The Bizzare Design of Quadcopters
For over a hundred years the world of aviation has been one of humanity’s most fertile playgrounds, a melting pot of ideas both weird and wonderful where experimentation is prized and orthodoxy shunned – cue the Quadcopters.
Most of the time peculiar designs fuel innovation, and many of their novel components or systems are often integrated into future aircraft in a process of constant technological refinement.
But sometimes aeronautical engineers can go a little off the deep end, and create craft so outlandish it is hard to find many redeeming features. One such contraption was the Curtiss-Wright VZ-7, just one of many freakish quadcopters that entered into the US Army’s 1956 ‘Flying Jeep’ competition.
Quadcopters have always been explored since the very earliest days of aviation. It was first introduced by the Brèguet brothers in 1907 with their Brèguet-Richet Gyroplane No. 1 consisting of four rotors powered by a belt and pulley system.
The next engineer to take up the quest for quadcopters was fellow Frenchman Étienne Oehmichen in 1920 with his creation, the Oehmichen No. 2, which had four two-bladed rotors that could be warped to provide rudimentary control. Since the Brèguet-Richet Gyroplane was engineered with no control surfaces, the Oehmichen was the first genuinely flyable quadcopter, able to remain airborne for several minutes at a time by 1923.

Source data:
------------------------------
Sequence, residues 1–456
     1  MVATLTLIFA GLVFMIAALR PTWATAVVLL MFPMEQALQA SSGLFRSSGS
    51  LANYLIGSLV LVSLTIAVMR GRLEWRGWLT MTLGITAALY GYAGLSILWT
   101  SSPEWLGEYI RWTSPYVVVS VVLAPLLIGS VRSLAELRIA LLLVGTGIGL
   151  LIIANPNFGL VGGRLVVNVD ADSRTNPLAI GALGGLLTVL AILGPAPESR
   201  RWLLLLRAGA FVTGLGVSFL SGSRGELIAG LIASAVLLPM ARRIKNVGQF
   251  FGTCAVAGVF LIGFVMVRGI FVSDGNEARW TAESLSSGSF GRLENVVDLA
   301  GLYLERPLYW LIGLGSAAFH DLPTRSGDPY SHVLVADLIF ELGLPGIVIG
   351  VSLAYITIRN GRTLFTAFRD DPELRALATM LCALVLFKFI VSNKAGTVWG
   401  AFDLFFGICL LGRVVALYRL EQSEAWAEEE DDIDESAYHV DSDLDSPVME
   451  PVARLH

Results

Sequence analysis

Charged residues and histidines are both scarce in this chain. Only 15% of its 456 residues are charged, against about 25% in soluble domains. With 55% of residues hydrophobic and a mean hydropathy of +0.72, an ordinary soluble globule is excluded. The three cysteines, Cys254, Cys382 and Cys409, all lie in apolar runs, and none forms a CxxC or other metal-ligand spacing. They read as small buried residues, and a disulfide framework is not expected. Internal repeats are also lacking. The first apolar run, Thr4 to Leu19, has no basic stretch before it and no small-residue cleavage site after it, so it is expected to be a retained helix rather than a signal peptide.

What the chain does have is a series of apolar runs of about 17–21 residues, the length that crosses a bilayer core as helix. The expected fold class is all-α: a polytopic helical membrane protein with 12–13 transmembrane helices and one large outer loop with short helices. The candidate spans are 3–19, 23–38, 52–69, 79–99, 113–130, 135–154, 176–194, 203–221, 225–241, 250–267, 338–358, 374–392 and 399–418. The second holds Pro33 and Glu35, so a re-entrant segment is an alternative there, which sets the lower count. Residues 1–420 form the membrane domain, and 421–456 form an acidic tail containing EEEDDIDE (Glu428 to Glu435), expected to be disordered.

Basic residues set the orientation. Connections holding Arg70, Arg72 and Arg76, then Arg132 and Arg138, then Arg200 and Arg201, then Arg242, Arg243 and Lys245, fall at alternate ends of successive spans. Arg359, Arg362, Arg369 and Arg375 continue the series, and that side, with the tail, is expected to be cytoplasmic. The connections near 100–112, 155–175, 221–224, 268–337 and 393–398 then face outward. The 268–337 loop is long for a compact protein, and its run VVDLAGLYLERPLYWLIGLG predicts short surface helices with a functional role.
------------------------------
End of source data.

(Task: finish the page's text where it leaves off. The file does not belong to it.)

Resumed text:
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In 1922 George de Bothezat and Ivan Jerome dabbled with a similar craft replete with six-bladed rotors and two additional propellors, but it was only ever able to reach 5 meters off the ground.
Plagued by unsolvable weight and technical issues, enthusiasm for the concept died down for many decades as engineers re-shifted their focus to more viable machines.
It would take until 1956 and the construction of the Convertawings Model A, for the idea to gather steam once more after it was discovered that forward flight could actually be achieved with quadcopters.
A lack of customer interest though meant this particular project was swiftly abandoned, but the cause was not lost, for that very same year the US Army held a bizarre competition to finally determine the quadrotor’s true efficacy.
Officials were on the hunt for a light aerial utility vehicle that could hover at low altitudes to overcome difficult terrain, fly forward at moderate speeds, and which could carry a payload for several hours at a cruising altitude of between 1.5 to 3.6 meters.
Piquing the interest of several manufacturers, very soon the Army had several ‘Flying Jeep’ proposals, all of which were helicopter-like quadcopters.
Chrysler’s answer to the unusual call was the VZ-6, a rectangular-shaped craft whose two ducted propellers were powered by a 373 kilowatt Lycoming reciprocating engine located at the centre of the vehicle, right next to the offset pilot’s position.
With propellors placed both forward and aft, a rubber skirting outside the vehicle’s bottom edge helped sustain lift, while forward propulsion was achieved by lowering the nose arch and channelling the propellor’s slipstream to the rear with the assistance of duct-mounted vanes.